• Hands and feet begin to form and look like little paddles.
  • Baby’s brain continues to grow.
  • The lungs start to form
  • Nipples and hair follicles form.
  • Arms grow and elbows develop.
  • Baby’s toes can be seen.
  • All baby’s essential organs have begun to grow.
    • Baby’s eyelids are more developed and begin to close.
    • The outer ears begin to take shape.
    • Baby’s facial features become more distinct.
    • The intestines rotate.
    • At the end of the 10th week of pregnancy, your baby is no longer an embryo. It is now a fetus, the stage of development up until birth.

Weeks 11 – 14

  • Baby’s eyelids close and will not reopen until about the 28th week
  • Baby’s face is well-formed.
  • Limbs are long and thin.
  • Nails appear on the fingers and toes.14
  • Genitals appear.
  • Baby’s liver is making red blood cells.
  • The head is very large–about half of baby’s size.
  • Tooth buds appear for the baby teeth.

Weeks 15 – 18


  • At this stage, baby’s skin is almost transparent.
  • Fine hair called lanugo develops on baby’s head.
  • Muscle tissue and bones keep developing, and bones become harder.
  • Baby begins to move and stretch.
  • The liver and pancreas produce secretions.


Weeks 19 – 21

  • Baby can hear.
  • The baby is more active and continues to move and float around.21
  • The mother may feel a fluttering in the lower abdomen. This is called quickening, when mom can feel baby’s first movements.
  • By the end of this time, baby can swallow.

Week 22

  • 22Lanugo hair covers baby’s entire body.
  • Meconium, baby’s first bowel movement, is made in the intestinal tract.
  • Eyebrows and lashes appear.
  • The baby is more active with increased muscle development.
  • The mother can feel the baby moving.
  • Baby’s heartbeat can be heard with a stethoscope.
  • Nails grow to the end of baby’s fingers.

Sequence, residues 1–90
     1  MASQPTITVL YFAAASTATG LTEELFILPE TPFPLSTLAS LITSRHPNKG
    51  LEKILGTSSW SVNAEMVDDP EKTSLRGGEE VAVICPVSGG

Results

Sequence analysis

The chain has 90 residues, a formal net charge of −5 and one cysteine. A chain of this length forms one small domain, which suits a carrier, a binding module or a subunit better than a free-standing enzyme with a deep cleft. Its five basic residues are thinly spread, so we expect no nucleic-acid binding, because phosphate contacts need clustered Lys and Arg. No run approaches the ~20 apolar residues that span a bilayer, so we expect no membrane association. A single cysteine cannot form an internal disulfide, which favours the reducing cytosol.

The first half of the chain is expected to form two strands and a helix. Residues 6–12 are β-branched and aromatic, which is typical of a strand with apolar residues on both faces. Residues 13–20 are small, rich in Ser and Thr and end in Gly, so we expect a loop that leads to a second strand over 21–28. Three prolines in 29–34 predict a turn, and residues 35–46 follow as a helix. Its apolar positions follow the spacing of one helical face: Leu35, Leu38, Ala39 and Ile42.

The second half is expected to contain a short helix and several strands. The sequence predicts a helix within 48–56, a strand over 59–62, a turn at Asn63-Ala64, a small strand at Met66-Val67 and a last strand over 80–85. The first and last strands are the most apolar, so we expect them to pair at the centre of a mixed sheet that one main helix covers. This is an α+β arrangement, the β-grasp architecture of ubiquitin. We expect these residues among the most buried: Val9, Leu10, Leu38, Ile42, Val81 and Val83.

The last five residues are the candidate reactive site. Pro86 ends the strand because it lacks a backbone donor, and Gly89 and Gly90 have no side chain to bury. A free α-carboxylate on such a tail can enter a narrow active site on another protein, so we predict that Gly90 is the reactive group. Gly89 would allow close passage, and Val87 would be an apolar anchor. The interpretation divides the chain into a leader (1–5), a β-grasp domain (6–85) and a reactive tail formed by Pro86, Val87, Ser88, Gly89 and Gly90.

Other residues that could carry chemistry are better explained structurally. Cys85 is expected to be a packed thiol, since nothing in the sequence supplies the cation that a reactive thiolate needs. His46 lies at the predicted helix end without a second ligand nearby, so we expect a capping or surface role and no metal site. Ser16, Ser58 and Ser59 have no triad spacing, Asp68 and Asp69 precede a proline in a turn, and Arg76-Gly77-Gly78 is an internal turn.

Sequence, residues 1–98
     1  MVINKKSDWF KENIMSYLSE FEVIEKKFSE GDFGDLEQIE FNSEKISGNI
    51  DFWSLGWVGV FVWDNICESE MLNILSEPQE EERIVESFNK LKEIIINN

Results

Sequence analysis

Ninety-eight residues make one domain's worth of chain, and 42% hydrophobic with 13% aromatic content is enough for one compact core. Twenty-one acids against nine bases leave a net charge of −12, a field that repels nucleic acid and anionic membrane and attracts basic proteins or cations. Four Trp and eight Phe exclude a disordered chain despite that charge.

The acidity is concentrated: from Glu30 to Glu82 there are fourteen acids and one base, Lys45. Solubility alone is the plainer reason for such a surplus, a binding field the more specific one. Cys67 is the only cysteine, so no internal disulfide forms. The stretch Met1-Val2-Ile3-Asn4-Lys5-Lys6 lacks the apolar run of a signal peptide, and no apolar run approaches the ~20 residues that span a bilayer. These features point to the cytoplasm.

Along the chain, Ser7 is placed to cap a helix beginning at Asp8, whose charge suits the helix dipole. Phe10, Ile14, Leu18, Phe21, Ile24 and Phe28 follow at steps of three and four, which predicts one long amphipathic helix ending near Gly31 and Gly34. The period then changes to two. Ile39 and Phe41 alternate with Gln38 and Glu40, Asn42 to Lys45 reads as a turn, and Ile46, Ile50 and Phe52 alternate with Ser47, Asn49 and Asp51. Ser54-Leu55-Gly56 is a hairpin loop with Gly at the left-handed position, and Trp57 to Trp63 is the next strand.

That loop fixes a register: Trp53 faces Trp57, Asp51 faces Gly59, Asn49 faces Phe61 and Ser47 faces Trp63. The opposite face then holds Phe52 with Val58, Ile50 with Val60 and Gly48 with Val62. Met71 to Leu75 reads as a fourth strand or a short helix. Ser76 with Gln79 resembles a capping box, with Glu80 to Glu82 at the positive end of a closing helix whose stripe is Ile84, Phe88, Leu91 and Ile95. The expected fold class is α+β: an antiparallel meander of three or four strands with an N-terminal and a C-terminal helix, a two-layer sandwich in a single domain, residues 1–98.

Weeks 23 – 25

  • Bone marrow begins to make blood cells.   25
  • The lower airways of the baby’s lungs develop.
  • Baby begins to store fat.

Week 26


  • Eyebrows and eyelashes are well-formed.
  • All parts of baby’s eyes are developed.
  • Baby may startle in response to loud noises.
  • Footprints and fingerprints are forming.
  • Air sacs form in baby’s lungs, but lungs still aren’t ready to work outside the womb.

Weeks 27 – 30

  • Baby’s brain grows rapidly.
  • The nervous system is developed enough to control some body functions.30
  • Baby’s eyelids can open and close.
  • The respiratory system, while immature, produces surfactant. This substance helps the air sacs fill with air.

Weeks 31 – 34


  • Baby’s grows quickly and gains a lot of fat.
  • Rhythmic breathing occurs, but baby’s lungs are not fully mature.
  • Baby’s bones are fully developed, but are still soft.
  • Baby’s body begins storing iron, calcium, and phosphorus.

Weeks 35 – 37

  • Baby weighs about 5 1/2 pounds
  • Baby keeps gaining weight, but probably won’t get much longer.
  • The skin isn’t as wrinkled as fat forms under the skin.
  • Baby has definite sleeping patterns.36
  • Baby’s heart and blood vessels are complete.
  • Muscles and bones are fully developed.

Week 38 – 40


  • Lanugo is gone except for on the upper arms and shoulders.
  • Fingernails may extend beyond fingertips.
  • Small breast buds are present on both sexes.
  • Head hair is now coarse and thicker.
  • In 40th week of pregnancy, it’s been 38 weeks since conception, and baby could be born any day from now.


Get more information, expert advice, and support from Sarah Hussain– Specialist in Gynecology to guide you through your pregnancy 

Read More